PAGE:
3. Talk to a mortgage broker

A few months before you want to remortgage, talk to a good, independent mortgage broker. They should be able to tell you whether you’re likely to be able to remortgage to a good deal now and, if not, what you can do about it.

David Hollingworth of mortgage brokers London and Country says that your mortgage broker should be able to tell you whether you’d be better off putting some of your mortgage on a repayment basis so that you can remortgage the rest to a competitive interest rate.

SAVVY TIP: Not all mortgage brokers are the same! Some select mortgages from a relatively small ‘panel’ of lenders while others have access to pretty much all the mortgage lenders. Read more about finding a good mortgage broker in my article How to find a good mortgage broker.

4. Check out lenders’ earnings criteria

Not all mortgage lenders will lend to people who have an interest-only mortgage. Some will only let higher earners, such as those earning £75,000 or £100,000 a year, take out a mortgage on an interest-only basis. If there are two of you taking out an interest-only mortgage, you may have to earn £100,000 between you (if the sole borrower criteria is £75,000) or one of you may have to earn £75,000.

5. Make sure you qualify for loan-to-value limits

A number of mortgage lenders have lower loan-to-value limits if you want an interest-only mortgage, compared to repayment mortgages. For example, the loan-to-value limit may be 90% or 95% for repayment mortgages but 75% or less for interest-only mortgages.

6. See if you can split your mortgage

Depending on the mortgage lender you’re with, you may be able to split your mortgage so you have 50% on an interest-only basis and – say – 50% on a repayment basis. Switching all of your mortgage to a repayment basis from interest only is likely to be unaffordable, so this could be a good option for some.

Interest-only mortgages: how they work

Interest-only mortgages are mortgages where you don’t pay off any of the original amount you borrowed as you go along. Instead, you pay off the original you borrowed (called the capital) at the end of the term. There are several ways that an interest only mortgage may be paid off:

1. You could set up an endowment plan. These were aggressively sold (and, indeed, mis-sold) in the 1980s and 1990s. The theory sounded good; they were investment plans that lasted for a set number of years — normally 25 — and that had life insurance built in.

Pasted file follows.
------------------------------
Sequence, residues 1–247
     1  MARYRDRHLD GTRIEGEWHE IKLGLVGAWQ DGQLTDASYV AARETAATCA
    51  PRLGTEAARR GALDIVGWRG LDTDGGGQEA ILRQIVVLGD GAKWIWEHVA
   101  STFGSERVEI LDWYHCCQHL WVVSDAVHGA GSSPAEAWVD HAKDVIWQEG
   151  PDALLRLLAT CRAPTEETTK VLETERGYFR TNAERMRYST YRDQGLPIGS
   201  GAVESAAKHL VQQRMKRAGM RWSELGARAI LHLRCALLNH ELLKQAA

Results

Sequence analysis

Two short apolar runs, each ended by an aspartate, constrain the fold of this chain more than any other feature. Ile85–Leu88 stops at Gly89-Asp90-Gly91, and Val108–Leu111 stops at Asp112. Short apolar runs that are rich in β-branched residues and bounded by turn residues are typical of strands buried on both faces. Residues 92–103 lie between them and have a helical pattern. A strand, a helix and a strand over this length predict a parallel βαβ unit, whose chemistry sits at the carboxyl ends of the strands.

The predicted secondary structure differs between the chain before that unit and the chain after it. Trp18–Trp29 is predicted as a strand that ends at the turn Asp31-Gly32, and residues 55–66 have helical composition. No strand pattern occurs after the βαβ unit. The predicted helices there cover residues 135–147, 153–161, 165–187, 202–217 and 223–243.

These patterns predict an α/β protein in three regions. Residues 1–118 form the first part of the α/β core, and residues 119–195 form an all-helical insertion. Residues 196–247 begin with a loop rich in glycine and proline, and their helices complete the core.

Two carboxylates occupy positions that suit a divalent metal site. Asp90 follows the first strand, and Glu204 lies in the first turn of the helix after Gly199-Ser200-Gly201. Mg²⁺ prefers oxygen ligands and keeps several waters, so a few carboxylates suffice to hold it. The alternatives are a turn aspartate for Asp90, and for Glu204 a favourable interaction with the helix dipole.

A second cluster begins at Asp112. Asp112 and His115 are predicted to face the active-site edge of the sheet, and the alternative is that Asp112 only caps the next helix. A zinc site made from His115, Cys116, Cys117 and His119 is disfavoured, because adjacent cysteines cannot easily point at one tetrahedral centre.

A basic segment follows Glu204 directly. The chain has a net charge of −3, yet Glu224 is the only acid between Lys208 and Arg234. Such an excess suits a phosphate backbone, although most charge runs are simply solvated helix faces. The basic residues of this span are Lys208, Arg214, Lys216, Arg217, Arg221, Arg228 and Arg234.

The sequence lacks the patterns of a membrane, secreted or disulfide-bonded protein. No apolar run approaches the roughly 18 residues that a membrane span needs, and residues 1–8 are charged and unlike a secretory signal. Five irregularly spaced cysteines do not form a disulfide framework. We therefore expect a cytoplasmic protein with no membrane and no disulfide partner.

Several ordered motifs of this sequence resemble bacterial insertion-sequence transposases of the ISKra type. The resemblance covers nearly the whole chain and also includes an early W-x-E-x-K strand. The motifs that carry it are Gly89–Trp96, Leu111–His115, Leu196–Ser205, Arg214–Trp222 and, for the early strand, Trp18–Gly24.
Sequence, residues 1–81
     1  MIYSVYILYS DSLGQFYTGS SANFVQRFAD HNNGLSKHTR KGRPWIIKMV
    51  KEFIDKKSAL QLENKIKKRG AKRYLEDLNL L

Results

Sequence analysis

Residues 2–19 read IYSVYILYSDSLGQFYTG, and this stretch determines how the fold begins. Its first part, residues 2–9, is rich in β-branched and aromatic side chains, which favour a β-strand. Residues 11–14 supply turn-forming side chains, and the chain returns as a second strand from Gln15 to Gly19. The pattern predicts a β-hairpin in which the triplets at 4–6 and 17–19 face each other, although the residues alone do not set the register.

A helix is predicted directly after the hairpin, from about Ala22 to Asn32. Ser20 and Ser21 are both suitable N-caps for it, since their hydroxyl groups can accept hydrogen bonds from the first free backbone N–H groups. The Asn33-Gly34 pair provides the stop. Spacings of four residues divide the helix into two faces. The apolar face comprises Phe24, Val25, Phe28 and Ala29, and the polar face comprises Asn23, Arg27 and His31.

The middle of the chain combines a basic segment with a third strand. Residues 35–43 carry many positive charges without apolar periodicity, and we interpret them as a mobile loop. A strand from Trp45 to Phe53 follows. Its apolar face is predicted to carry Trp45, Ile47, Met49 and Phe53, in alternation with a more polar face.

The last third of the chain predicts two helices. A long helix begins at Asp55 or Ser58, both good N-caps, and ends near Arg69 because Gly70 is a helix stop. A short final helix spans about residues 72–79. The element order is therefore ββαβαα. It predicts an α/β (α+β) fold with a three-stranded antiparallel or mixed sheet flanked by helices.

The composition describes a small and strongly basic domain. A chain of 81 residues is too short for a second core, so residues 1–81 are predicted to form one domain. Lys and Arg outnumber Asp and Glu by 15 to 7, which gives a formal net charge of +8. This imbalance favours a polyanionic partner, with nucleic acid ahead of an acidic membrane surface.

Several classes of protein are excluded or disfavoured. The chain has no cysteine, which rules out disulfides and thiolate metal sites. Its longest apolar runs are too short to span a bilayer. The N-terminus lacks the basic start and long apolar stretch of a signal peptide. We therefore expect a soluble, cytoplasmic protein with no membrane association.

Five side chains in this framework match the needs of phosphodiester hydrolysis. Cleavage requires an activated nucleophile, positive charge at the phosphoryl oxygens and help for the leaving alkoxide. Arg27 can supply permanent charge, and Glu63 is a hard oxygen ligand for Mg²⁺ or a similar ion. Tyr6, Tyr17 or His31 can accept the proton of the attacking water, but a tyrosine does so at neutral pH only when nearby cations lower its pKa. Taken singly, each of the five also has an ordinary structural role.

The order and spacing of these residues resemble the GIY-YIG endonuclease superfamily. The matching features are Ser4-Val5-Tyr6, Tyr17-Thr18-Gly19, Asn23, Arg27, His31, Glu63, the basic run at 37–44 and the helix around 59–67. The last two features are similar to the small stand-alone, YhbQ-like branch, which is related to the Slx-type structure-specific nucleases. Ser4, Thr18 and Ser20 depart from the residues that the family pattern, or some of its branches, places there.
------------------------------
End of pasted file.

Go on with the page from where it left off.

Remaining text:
SAVVY TIP: They paid a large commission to the sales man/woman and were often sold on the promise of a tax-free cash lump sum over and above the amount you needed to clear your mortgage. Although quite a few of these policies did produce more than the amount needed to pay off the mortgage for people who’d taken them out in the 70s and early 80s, many of those sold in the 1990s and later will leave the borrower with a shortfall.

2. You can set up a different type of investment plan. For example, you could take out a stocks and shares ISA (after they were introduced in 1999).

SAVVY TIP: A stocks and shares ISA is much more flexible than an endowment and the charges are lower. However, as with an endowment, there’s no guarantee that the plan will produce the amount you need to pay off your mortgage in full.

3. You can rely on the property rising in value. This isn’t generally the best strategy because you don’t know how much your property will rise by (if anything). It can work if you have a very large property – or one in an expensive area – and you know you’ll want to trade down when your mortgage term ends.

Related articles:

Mortgages for over-65s – getting a mortgage if you’re an older borrower

Shared mortgage with parents and family guarantee mortgages explained

What is your mortgage lender’s standard variable rate?